of bones were not done, because the  archaeologists never visualised that these sites could have been burial yards.

                       Large number of skeletons and bones were not found in these sites to fit this new graveyard theory. Mummies or dead bodies were not  found because later day invaders and grave robbers  had destroyed these tombs along with their mummies. When dead bodies and bones were exposed to light and heat, bones would have  pulverized within few days. Similar is the explanation offered by Wunderlich in his book for this analogous question. However, there are sufficient numbers of evidences of skeletons in these sites to support the necropolis theory. In Possehl’s book the map at page 160 (Figure 9.1) shows that skeletons are strewn around all over the place, not restricted to any small location as normally expected. (L.Possehl, 2003) This shows that entire place was used as a burial ground and not merely a small enclosure within the site.

Research work of Gwen Robbins :

                                    The author has done a nice study on skeletons found at IVC sites  and has presented the paper without any distortion. The research paper is a forensic examination  of bones and skeletons found  during the excavations of Indus valley sites. The author is presenting the major reasons for death among the skeletons found in IVC. 
A careful study of the research paper shows that  death due to various diseases was also a major cause of death other than violence. If the Aryans had suddenly invaded those cities and killed those inhabitants, then the skeletons would have been that of healthy individuals only. Whereas, the skeletons also includes of high level of diseased people. Infectious diseases like leprosy and tuberculosis were the major cause of death other than death due to trauma (due to violence).  Which shows that these IVC sites were burial yards and all kinds of diseased people had been buried there. Only deficiency in this research paper is that the author is not aware that those IVC sites were burial yards and she has merely correlated her findings with already existing theories on IVC decline.(Gwen Robbins)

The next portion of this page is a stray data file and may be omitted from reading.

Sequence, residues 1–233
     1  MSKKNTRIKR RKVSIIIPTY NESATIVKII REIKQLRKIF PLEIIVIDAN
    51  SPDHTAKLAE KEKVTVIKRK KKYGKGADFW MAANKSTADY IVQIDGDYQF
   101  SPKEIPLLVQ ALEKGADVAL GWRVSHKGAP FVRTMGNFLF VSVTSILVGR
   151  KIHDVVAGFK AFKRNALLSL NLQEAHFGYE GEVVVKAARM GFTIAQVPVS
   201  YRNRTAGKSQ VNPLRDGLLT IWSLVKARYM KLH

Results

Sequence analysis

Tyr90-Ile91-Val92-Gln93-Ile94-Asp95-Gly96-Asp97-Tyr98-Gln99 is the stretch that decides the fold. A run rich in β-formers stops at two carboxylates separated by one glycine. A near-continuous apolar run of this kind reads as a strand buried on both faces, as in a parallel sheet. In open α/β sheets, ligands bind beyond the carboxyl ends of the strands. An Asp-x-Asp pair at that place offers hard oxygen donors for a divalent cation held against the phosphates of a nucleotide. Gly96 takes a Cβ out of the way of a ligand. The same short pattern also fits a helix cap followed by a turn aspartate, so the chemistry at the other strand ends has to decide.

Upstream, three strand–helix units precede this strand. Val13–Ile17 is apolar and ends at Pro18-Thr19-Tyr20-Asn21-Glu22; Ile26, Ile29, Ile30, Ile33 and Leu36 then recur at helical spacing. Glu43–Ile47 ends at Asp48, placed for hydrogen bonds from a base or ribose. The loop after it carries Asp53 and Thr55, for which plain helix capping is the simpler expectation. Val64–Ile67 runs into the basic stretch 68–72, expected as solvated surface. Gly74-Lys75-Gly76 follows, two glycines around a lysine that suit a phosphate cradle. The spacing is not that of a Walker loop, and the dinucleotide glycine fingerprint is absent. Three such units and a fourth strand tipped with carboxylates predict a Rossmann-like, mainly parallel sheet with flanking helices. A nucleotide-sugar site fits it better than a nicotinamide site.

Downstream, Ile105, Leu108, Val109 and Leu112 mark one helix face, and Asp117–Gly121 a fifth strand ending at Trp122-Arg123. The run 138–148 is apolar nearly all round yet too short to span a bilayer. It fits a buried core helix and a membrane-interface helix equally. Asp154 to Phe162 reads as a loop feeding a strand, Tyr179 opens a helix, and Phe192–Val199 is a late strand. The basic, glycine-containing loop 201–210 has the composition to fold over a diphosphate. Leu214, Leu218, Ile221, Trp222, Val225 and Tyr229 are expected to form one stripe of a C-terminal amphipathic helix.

Research work of Brad Chase:

                                    Brad Chase has worked on  excavation site at  Gola Dhoro at Gujarat state, India and presented his paper on the issue of animal bones found in that site. The work reveals the presence of large number of animal bones inside the citadel as well as outside the citadel. He concludes that the normal dietary patterns of people of  Gola Dhora included beef, mutton and tortoises.  The bones found in this site indicated killing of large number of cattle. He concludes that that food preferences of people inside the citadel and people outside the citadel differed. Further, he observes that the food preferences of earlier occupants differed from later occupants. All these interpretations are shallow, but finding of large number of animal bones show that  animal sacrifices were carried out inside the citadel as well as outside citadel. It is likely that the graves of important people were located inside citadel and graves of common people were outside citadel. The data shows that there is no significant difference in  finding of  bones of cattle and goat between  outside  area of citadel inside of citadel . Again the problem with this research paper is that even though the data is collected and presented meticulously. The conclusions are far from satisfactory. The deficiency is that the author is not aware of nature of killing of these animal. If he had been aware that animal were sacrificed in a cemetery, his conclusion would have been much more conclusive. If the data provided by Brad chase is analysed in this perspective of grave yard and animal sacrifice, there will be much more fruitful conclusions on this subject.(Brad Chase)